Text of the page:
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Why trade marks are so important to translation of video games to film and TV

It's great to see that there is still appetite for well-known video games to be translated into films and TV programmes, with The Last Of Us TV show due to be launched shortly, and now news of a film based on Gran Turismo.

However, this does illustrate the importance of adopting a comprehensive IP and trade mark strategy in relation to new video games. It is of course imperative for video game developers to protect the game's trade mark at an early stage, but protection for merely computer software and video games is likely to be too narrow and short-sighted. It is also important to consider how that game may be exploited through other commercial avenues in the future, to ensure that full advantage can be taken of other opportunities such as film and TV tie-ins, alongside associated merchandise such as clothing, bags, etc.

Recently we have also seen the importance of NFTs (non-fungible tokens) in relation to video games, whether this is via the minting of NFTs relating to avatars within the video game, rewards for players such as avatar clothing or weapons, or even video clips of gameplay. NFTS are also becoming increasingly relevant in relation to subsequent film and TV adaptations, whether through funding production of the adaptation, or through the sale of virtual merchandise or "unlockable" NFT content.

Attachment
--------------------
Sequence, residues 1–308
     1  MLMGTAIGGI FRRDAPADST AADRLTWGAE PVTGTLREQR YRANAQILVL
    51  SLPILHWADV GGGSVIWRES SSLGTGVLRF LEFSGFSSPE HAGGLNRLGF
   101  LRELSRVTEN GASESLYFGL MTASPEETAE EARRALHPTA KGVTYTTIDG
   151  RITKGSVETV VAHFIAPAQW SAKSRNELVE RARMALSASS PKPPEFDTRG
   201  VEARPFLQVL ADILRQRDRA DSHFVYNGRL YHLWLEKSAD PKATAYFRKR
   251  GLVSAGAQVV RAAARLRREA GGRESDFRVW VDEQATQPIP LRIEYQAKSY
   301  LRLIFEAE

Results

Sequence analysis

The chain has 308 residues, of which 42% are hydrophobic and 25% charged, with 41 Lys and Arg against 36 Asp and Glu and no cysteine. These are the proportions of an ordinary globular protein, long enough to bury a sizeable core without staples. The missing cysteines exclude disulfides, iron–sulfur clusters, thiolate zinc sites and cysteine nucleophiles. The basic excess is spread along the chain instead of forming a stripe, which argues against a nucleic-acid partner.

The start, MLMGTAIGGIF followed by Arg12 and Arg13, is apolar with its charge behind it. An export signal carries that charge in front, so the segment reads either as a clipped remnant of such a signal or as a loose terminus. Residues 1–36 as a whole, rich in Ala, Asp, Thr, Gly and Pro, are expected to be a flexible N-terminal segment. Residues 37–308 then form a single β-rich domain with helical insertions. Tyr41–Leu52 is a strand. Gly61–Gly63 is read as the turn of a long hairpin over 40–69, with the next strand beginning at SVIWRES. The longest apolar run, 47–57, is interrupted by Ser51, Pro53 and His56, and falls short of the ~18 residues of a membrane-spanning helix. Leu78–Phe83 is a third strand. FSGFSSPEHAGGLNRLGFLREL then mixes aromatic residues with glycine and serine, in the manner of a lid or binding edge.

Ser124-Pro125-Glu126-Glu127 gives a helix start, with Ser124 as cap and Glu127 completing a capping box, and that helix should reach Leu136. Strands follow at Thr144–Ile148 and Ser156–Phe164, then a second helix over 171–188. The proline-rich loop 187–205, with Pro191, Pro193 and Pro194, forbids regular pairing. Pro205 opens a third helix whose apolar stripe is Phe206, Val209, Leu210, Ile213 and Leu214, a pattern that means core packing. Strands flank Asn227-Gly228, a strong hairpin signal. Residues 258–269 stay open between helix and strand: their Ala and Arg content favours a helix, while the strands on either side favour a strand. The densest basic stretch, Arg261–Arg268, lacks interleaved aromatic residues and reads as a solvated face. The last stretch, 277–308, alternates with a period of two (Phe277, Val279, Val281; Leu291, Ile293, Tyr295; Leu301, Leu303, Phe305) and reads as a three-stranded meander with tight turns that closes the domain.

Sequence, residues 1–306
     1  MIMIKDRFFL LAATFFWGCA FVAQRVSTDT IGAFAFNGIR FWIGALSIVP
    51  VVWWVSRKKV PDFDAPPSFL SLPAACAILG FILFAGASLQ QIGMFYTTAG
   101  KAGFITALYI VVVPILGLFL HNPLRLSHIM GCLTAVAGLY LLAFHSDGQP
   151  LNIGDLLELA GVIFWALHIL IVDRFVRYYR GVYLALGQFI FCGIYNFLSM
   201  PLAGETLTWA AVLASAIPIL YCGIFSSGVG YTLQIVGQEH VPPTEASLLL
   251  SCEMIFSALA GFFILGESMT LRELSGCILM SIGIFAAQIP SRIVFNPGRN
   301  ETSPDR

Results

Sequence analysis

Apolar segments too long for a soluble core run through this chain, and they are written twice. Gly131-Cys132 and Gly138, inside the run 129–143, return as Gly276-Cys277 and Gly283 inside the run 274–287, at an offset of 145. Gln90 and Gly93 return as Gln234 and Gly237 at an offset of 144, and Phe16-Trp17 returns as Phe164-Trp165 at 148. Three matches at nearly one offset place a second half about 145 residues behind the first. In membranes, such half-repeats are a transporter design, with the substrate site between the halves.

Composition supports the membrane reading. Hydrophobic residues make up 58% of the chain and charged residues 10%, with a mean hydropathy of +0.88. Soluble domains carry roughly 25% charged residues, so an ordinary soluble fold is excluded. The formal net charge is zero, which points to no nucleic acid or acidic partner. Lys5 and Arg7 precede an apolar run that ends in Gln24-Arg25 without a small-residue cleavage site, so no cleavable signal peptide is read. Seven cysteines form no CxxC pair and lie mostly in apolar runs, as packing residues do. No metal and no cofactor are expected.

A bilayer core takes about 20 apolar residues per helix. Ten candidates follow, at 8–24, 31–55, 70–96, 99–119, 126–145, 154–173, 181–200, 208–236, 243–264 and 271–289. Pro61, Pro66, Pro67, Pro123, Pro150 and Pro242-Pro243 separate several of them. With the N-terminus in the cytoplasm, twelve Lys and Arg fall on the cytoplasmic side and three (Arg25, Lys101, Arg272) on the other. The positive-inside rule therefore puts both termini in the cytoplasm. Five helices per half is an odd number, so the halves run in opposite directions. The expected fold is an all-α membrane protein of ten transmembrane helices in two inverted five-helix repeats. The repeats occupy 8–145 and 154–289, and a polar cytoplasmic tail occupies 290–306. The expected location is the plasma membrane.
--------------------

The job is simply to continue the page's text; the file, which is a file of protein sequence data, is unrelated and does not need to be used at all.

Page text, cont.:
It is therefore advisable to ensure that any trade mark protection relating to the video game encompasses such additional commercial activities that may flow from a successful video game. In particular, express registered trade mark protection for goods and services such as downloadable media, films, video content, NFTs and virtual assets should be considered as part of the trade mark strategy adopted.

PlayStation certainly haven’t been wasting their time translating their games into other mediums lately.


brands & trade marks, entertainment & creative

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